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Most Americans cannot or will not use COVID-19 contact tracing apps: poll

FILE PHOTO: Pedestrians wearing masks walk in front of shuttered buildings as the spread of the coronavirus disease (COVID-19) outbreak continues in the Brooklyn borough of New York City, U.S., April 27, 2020. REUTERS/Lucas Jackson/File Photo

WASHINGTON (Reuters) – More than half of all Americans either do not own smartphones or would not use apps backed by Alphabet Inc’s Google and Apple Inc to trace who has been exposed to the new coronavirus, according to a poll by the Washington Post and University of Maryland released on Wednesday.

The two tech companies have been working with public health experts and researchers to write apps that people can use to notify those they have come in contact with if they come down with COVID-19, the respiratory disease caused by the new coronavirus.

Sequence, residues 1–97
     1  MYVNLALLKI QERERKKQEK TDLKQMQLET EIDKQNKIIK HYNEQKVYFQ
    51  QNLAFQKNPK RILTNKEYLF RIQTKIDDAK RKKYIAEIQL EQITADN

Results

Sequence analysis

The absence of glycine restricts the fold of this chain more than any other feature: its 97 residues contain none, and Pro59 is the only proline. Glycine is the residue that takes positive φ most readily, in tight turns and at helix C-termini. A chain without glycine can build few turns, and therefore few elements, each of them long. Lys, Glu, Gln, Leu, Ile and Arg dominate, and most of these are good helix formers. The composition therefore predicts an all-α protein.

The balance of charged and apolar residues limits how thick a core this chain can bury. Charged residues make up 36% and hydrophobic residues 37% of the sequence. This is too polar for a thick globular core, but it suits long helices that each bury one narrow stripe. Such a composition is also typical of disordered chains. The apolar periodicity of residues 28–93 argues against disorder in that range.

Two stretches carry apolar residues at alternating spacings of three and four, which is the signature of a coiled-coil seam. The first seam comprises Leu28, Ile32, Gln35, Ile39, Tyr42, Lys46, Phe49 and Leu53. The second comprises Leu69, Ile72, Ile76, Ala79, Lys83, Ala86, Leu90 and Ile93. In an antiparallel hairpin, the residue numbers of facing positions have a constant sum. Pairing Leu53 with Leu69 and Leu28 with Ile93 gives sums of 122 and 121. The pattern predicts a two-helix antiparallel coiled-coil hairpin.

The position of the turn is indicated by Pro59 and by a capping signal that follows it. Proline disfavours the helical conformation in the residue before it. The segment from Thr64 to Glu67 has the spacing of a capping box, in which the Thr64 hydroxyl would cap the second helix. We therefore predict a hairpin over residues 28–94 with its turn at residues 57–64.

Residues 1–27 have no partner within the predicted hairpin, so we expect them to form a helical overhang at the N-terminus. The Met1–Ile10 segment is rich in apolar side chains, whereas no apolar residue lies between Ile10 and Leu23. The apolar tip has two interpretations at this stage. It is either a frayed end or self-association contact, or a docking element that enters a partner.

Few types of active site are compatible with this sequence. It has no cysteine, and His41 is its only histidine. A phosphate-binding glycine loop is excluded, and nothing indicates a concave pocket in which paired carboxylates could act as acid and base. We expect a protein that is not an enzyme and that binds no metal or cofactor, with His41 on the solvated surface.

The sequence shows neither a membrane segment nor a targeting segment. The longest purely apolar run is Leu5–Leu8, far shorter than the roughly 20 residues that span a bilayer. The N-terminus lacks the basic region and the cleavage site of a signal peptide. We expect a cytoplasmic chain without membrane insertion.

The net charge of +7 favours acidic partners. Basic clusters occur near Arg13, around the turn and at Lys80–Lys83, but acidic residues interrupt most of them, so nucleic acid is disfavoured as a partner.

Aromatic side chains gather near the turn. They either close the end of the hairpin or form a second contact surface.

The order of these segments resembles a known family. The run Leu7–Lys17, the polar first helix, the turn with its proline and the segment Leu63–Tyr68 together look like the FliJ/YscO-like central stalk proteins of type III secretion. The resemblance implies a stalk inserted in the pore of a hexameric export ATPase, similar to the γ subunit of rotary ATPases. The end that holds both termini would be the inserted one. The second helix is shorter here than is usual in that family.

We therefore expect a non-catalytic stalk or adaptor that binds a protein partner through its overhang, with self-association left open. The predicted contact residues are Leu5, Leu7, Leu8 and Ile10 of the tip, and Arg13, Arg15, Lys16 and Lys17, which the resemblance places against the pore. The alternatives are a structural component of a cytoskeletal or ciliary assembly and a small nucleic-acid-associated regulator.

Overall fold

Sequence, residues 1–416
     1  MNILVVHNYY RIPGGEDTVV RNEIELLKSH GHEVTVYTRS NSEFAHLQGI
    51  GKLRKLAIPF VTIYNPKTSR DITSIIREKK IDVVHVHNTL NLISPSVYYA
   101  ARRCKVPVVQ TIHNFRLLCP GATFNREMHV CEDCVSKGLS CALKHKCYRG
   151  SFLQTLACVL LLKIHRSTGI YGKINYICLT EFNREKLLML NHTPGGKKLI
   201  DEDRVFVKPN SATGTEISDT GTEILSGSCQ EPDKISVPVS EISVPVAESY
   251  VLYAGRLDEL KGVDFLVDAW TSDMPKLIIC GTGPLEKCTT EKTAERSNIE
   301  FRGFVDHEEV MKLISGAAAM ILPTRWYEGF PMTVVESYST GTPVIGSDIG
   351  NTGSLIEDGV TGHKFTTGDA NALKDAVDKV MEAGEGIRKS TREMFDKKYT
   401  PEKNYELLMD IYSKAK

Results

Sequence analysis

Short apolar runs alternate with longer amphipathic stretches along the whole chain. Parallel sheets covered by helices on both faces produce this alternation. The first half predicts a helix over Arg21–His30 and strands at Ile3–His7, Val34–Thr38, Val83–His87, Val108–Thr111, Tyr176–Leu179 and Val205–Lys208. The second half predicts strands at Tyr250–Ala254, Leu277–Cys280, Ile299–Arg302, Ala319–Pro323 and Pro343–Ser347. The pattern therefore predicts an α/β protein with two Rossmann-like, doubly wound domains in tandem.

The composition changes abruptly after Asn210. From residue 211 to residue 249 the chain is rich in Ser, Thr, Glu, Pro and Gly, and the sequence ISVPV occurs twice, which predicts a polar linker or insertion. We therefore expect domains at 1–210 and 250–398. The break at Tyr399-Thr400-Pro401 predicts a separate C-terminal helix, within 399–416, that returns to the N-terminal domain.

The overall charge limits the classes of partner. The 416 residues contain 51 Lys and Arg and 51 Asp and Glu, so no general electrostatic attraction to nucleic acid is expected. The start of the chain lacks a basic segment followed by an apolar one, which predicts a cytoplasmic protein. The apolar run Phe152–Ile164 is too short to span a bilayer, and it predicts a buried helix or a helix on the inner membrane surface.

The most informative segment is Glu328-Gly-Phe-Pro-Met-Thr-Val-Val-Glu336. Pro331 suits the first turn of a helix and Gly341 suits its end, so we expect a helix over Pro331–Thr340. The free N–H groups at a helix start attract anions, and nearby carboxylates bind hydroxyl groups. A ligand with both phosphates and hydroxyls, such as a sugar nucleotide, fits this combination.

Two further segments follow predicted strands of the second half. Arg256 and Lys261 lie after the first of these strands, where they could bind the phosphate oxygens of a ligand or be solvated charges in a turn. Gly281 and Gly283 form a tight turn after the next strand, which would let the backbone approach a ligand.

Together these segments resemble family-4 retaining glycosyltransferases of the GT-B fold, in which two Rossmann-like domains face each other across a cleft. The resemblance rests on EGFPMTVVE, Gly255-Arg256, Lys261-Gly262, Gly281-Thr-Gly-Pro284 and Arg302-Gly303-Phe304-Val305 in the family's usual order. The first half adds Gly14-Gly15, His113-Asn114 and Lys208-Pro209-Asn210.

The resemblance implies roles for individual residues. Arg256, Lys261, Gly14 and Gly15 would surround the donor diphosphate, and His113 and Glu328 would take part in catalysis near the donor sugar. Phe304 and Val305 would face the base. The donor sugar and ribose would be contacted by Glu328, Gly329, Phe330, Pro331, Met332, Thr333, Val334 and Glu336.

Contract tracing is deemed necessary to reopen the U.S. economy, which has been hard hit by shutdowns aimed at slowing the spread of the disease which has killed more than 58,000 Americans.

Apps require a smartphone and only 82% of Americans said they had one, the poll found. Of those, only half said they would definitely or probably use such an app.

Much of the skepticism is based on concern about Google and Apple, the poll found.

Just 43% of smartphone users polled expressed “a great deal” or “a good amount” of trust in Google and Apple and other tech companies, while 47% expressed trust in health insurers, 56% in universities and 57% in public health agencies, the poll found.

Forty-seven percent of those polled believed that U.S. President Donald Trump’s handling of the pandemic was “good” or “excellent” while 52% had a more negative view.

Support was widespread for measures to enforce social distancing. Sixty-six percent of those polled said restrictions on businesses were “appropriate” and 64% approved of current limits on public gatherings.

Those who did not find the restrictions appropriate were divided between wanting them relaxed or toughened.

Reporting by Diane Bartz; Editing by Richard Chang

Our Standards:The Thomson Reuters Trust Principles.

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